A Display of Arminianism

John Owen



I SHALL shut up all this discourse concerning the meritorious cause of salvation, with their shutting out of Christ from being the only one and absolutely necessary means to bring us unto heaven, to make us happy. This is the last pile they erect upon their Babylonish foundation, which makes the idol of human self-sufficiency every way perfect, and fit to be sacrificed unto. Until these proud builders, to get materials for their own temple, laid the axe to the root of Christianity, we took it for granted that “there is no salvation in any other,” because “there is none other name under heaven given unto men whereby we must be saved,” Acts 4:12. Neither yet shall their nefarious attempts frighten us from our creed, nor make us be wanting to the defense of our Savior’s honor. But I shall be very brief in the consideration of this heterodoxy, nothing doubting but that to have repeated it is fully to have confuted it, in the judgment of all pious Christians.

First, then, They grant salvation to the ancient patriarchs and Jews, before the coming of Christ, without any knowledge of or faith in him at all; nay, they deny that any such faith in Christ was ever prescribed unto them or required of them.1 “It is certain that there is no place in the Old Testament from whence it may appear that faith in Christ as a Redeemer was ever enjoined or found in any of them,” say they jointly in their Apology; the truth of which assertion we shall see hereafter. Only they grant a general faith, involved under types and shadows, and looking on the promise as it lay hid in the goodness and providence of God, which indirectly might be called a faith in Christ: from which kind of faith I see no reason why thousands of heathen infidels should be excluded. Agreeable unto these assertions are the dictates of their patriarch Arminius, affirming,2 “that the whole description of the faith of Abraham, Romans 4, makes no mention of Jesus Christ, either expressly or so implicitly as that it may be of any one easily understood.” And to the testimony of Christ himself to the contrary, John 8:56, “Your father Abraham rejoiced to see my day; and he saw it, and was glad,” he answereth, “He rejoiced to see the birth of Isaac, who was a type of me,” — a goodly gloss, corrupting the text.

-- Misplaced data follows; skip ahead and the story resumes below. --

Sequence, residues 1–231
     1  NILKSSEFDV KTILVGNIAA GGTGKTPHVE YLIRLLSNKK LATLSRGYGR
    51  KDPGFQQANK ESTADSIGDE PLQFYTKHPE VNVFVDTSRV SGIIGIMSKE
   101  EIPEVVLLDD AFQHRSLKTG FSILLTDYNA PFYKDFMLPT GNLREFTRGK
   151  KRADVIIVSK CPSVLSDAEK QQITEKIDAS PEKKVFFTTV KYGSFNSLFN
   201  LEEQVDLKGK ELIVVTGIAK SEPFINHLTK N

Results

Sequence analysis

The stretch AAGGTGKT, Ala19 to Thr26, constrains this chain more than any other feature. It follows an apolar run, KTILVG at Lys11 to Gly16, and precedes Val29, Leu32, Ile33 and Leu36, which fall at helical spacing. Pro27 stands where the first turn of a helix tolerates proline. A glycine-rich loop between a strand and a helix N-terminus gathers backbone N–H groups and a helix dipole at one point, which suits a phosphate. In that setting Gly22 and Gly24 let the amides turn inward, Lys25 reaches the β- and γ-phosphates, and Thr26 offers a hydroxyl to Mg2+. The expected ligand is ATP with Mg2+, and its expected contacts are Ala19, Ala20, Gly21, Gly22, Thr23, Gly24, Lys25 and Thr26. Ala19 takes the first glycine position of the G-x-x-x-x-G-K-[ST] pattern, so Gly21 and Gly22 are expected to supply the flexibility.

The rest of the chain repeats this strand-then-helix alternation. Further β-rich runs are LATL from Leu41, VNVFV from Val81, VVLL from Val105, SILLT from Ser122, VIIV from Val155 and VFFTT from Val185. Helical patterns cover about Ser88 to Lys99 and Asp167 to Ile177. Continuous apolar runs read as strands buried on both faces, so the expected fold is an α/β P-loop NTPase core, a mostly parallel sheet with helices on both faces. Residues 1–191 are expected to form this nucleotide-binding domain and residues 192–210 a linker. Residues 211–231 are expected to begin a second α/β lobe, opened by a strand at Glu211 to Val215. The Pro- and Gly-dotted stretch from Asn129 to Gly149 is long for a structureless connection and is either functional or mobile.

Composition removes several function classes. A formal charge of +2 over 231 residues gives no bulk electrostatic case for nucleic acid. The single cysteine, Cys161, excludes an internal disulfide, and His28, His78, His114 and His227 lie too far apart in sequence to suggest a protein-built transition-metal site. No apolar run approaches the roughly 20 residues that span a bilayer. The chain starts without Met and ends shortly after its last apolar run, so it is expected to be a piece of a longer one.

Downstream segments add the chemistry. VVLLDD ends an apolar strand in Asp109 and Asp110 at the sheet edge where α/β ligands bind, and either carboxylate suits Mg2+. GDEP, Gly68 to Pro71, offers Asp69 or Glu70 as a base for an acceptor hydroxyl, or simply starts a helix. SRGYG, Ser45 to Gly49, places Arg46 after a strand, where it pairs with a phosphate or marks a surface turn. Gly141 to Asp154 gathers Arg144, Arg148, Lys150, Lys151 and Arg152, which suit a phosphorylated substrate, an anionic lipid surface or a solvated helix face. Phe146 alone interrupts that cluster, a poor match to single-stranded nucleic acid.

Secondly, What they teach of the Jews, that also they grant concerning the Gentiles living before the incarnation of Christ; they also might attain salvation, and be justified without his knowledge.3 “For although,” saith Corvinus, “the covenant was not revealed unto them by the same means that it was unto the Jews, yet they are not to be supposed to be excluded from the covenant” (of grace), “nor to be excluded from salvation; for some way or other they were called.”